Most single-author short-story collections don't read particularly well as thematically cohesive books; all too often, they just collect random diversions and previously published projects into a neatly resaleable package, good for a stopgap or a profits boost between an author's full-length books. Australian author Danielle Wood doesn't exactly reinvent the form with Rosie Little's Cautionary Tales For Girls, but she neatly dodges those usual pitfalls by tying together her stories through the titular character, a self-possessed journalist who pops up in mid-tale—hers and other characters'—to share her own experiences, thoughts, and associated entertaining trivia. The results are quirky and playful, sort of a girl-power Lemony Snicket collection, albeit with significantly less comic miserablism.
At least apart from the first story, in which Rosie loses her virginity at age 14 to her drunken host at a crude dockside party. The humiliating, crass specifics mix entertainingly with Rosie's after-the-fact analysis of her own naïve mindset at the time, with a concentration on language: how flowery Latin words like "fellatio" (which "could lead the uninitiated to envisage something ornate, baroque even") and repeated viewings of Les Liasions Dangereuses failed to prepare her for the sight of an erect penis. In spite of the characteristically humorous, discursive, mindfully abstract musings on male genitals and Latin, "The Deflowering Of Rosie Little" is one of the collection's weaker, less pointedly insightful stories, though it sets an entertainingly self-aware tone that continues throughout.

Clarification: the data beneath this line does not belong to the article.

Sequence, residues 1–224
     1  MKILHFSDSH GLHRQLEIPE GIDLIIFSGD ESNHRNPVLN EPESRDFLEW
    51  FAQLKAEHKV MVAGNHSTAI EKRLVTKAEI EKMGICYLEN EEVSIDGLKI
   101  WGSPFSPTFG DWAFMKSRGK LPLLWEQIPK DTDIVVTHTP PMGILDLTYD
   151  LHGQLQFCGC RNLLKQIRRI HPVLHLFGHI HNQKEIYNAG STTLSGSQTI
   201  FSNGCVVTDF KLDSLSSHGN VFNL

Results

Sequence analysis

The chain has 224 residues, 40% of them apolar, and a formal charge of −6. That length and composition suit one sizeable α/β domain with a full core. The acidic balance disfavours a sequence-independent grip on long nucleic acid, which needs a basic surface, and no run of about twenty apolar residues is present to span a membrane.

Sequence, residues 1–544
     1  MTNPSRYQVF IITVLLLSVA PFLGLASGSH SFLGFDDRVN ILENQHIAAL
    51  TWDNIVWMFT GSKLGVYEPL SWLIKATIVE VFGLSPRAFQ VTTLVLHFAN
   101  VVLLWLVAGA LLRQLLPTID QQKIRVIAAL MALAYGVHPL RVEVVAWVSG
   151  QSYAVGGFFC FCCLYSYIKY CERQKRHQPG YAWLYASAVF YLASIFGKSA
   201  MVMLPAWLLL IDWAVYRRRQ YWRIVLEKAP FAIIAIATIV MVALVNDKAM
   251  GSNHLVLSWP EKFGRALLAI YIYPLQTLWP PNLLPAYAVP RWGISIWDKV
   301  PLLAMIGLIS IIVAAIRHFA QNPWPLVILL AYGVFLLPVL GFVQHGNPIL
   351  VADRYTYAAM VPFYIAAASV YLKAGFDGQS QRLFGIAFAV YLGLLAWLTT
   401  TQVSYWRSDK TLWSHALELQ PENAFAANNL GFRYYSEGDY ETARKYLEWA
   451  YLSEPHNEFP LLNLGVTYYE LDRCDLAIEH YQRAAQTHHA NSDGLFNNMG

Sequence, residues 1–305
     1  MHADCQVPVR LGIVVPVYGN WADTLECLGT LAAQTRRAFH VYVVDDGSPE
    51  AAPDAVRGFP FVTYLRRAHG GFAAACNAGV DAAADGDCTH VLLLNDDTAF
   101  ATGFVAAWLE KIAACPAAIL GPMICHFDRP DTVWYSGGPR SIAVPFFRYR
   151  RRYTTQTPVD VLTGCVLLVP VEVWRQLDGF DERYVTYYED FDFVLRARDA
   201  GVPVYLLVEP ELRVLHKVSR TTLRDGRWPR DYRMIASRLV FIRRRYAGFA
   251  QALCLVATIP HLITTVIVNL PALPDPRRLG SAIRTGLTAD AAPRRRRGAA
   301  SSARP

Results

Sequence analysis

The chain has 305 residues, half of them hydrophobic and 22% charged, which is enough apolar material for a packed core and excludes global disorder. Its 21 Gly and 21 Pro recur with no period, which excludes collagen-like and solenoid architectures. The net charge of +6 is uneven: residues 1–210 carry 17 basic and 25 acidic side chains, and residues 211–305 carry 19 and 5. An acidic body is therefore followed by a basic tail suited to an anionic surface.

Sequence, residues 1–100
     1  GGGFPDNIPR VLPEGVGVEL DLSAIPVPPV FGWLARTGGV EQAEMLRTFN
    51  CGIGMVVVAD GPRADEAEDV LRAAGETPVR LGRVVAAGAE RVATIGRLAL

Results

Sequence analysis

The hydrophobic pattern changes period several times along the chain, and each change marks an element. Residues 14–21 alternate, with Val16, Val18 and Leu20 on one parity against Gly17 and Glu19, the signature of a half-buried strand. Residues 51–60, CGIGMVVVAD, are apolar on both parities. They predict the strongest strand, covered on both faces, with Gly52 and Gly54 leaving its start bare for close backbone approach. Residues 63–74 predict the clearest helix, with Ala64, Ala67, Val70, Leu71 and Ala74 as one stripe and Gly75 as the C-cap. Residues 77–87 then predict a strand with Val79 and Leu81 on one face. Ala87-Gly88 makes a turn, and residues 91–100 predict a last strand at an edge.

In theory, each story is a cautionary tale on a single subject, a modern scary-fairy tale in which abusive men and unthinking women replace Brothers Grimm-era wolves and witches, and urban jungles stand in for shadowy woods. The schadenfreude story "Vision In White" ostensibly warns girls about marriage, for instance, though it's really more about the dangers of being a glory-crazed bride, determined to extend that special day by wearing a wedding gown on a post-ceremony international flight. "The Anatomy Of Wolves" is listed as a cautionary tale about love, though it's more about the dangers of clinging to a controlling partner. The stories aren't always on point, but they're often funny, and they add up to a sort of primer for a peculiar life. Vaguely mythic tone and Rosie's ruminative Mother Goose interludes aside, Rosie Little's Cautionary Tales For Girls is a modern collection for the kind of girls who wish chick-lit protagonists were generally cleverer, had more diverse interests, and could discourse on "nominative determinism" with a (relatively) straight face.